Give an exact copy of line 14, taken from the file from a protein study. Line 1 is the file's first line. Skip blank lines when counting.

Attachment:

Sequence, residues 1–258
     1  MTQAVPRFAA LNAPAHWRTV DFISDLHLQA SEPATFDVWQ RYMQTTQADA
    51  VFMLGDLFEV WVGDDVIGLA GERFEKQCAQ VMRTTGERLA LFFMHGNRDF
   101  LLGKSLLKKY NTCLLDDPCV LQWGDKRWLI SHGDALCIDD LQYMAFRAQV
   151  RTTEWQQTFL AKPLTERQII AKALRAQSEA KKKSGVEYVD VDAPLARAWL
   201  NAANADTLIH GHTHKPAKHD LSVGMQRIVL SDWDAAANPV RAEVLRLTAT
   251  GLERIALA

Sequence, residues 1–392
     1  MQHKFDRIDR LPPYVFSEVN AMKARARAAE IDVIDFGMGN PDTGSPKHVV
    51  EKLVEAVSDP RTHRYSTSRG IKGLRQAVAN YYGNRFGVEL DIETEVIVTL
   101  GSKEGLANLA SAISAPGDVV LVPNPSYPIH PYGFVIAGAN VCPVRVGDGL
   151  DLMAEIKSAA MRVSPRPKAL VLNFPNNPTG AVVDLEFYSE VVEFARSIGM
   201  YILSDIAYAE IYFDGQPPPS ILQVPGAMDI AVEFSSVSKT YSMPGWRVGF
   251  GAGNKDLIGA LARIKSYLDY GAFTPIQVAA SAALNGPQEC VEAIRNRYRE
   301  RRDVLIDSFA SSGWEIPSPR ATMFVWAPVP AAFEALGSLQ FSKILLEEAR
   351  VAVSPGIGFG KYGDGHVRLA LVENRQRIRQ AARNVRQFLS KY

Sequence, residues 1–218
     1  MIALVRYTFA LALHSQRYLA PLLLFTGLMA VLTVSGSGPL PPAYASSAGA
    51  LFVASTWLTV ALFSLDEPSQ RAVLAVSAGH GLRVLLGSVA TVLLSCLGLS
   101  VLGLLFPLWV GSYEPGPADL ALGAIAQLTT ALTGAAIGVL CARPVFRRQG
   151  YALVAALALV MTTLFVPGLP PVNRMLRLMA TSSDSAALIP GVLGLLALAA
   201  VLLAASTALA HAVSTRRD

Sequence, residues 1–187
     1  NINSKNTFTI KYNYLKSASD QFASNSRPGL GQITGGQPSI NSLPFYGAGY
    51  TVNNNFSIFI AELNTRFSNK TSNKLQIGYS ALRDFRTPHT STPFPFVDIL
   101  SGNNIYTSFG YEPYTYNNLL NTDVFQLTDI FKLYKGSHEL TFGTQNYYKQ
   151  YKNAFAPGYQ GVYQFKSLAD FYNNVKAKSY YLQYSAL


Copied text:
   251  GAGNKDLIGA LARIKSYLDY GAFTPIQVAA SAALNGPQEC VEAIRNRYRE